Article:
Often, police officers in Nashville will use field sobriety tests as a precursor to a blood alcohol content (BAC) test, or a breathalyzer test. But just what are field sobriety tests, and what purpose do they hold in the overall process of potentially being arrested for driving while under the influence?
AAA DUI Justice Link defines standardized field sobriety tests (FST) as three different types of tests that officers perform to check whether you appear to be sober or not. If you fail any of the FSTs, it becomes possible for an officer to measure your BAC directly, which can lead to your arrest if your levels show that you are driving while over the legal limit. The three standardized FSTs include:
- Following an object with your eyes as it is moved side to side (horizontal gaze nystagmus)
- Standing on one leg
- Walking and turning
Within these categories, there are certain general estimates that are considered most appropriate. For example, in the walk-and-turn tests, you must generally walk about 9 steps and make sure that you touch your heel to your toe when taking steps forward. Balancing tests usually last for about 30 seconds, counting slowly, while an officer looks for potential signs of intoxication like hopping, putting your foot down, or swaying.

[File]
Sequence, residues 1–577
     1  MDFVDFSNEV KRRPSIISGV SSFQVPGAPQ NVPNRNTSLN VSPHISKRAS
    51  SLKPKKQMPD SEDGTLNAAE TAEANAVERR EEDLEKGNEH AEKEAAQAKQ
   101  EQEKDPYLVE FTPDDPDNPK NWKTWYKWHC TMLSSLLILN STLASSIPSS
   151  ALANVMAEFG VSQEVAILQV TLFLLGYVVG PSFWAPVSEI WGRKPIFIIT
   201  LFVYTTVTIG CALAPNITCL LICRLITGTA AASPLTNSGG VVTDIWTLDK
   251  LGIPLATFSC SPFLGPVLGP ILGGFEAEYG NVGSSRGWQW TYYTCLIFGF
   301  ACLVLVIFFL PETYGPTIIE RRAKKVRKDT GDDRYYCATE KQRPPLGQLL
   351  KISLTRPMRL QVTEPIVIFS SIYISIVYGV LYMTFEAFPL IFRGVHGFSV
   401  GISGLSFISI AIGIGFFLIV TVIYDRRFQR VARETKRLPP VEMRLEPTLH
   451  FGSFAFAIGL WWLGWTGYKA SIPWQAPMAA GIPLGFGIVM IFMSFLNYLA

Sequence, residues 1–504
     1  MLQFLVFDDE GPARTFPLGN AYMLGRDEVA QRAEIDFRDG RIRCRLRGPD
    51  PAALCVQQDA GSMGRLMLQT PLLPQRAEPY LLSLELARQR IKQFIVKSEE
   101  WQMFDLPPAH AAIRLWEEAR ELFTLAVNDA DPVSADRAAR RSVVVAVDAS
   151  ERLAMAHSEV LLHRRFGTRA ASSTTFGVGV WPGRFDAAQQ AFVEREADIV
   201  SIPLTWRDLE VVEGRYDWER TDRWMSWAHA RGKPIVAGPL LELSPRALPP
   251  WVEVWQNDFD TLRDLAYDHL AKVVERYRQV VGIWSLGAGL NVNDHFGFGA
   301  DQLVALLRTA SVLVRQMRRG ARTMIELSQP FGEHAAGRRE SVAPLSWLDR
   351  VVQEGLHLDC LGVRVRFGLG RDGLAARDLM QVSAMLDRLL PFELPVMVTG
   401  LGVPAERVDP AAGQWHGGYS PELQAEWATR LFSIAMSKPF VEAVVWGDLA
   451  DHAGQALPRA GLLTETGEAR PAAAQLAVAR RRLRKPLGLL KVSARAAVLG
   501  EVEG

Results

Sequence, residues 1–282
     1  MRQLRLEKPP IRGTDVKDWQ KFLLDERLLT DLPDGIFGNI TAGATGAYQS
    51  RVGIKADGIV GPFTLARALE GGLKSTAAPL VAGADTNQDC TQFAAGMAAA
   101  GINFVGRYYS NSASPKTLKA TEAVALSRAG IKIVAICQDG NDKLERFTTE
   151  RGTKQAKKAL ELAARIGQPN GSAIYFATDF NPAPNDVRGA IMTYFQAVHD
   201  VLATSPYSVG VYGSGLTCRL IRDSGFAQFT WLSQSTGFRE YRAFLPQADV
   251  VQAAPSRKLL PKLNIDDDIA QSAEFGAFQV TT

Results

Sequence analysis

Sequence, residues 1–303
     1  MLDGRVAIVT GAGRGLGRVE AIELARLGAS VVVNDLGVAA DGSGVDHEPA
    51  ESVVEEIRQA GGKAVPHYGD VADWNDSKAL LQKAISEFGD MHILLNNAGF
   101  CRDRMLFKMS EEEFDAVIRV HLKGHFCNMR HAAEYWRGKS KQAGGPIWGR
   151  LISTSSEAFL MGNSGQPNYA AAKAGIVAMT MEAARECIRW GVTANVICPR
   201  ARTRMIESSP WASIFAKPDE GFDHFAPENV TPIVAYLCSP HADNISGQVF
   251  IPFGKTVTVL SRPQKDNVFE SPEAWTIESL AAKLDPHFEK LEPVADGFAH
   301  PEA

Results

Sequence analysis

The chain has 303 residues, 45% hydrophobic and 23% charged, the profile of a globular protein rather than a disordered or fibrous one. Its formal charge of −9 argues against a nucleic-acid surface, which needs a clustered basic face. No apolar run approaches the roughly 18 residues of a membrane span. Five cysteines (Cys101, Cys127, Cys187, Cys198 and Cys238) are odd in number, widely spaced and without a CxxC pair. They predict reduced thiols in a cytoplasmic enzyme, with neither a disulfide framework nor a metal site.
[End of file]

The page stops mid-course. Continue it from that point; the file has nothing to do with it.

It should be noted that FSTs are not infallible and that there are other valid reasons that drivers may not be able to pass them, like physical disabilities or age. It should also be noted that some officers may employ non-standardized field sobriety tests. However, these are the most common and are what you're most likely to see if you're ever pulled over on suspicion of DUI.